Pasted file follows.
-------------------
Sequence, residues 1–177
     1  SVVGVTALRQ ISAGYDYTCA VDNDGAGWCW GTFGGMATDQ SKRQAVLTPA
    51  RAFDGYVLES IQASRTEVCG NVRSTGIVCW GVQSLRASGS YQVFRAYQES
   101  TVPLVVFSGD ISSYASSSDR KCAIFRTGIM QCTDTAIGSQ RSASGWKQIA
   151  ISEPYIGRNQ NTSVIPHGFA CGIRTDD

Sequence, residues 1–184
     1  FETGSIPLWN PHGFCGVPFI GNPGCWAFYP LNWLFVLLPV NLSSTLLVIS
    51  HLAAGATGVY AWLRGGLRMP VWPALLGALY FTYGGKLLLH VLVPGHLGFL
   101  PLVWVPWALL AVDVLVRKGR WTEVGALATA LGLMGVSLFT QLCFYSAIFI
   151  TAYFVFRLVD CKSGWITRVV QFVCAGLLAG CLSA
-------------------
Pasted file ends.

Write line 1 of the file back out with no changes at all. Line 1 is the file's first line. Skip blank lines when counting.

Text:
Sequence, residues 1–177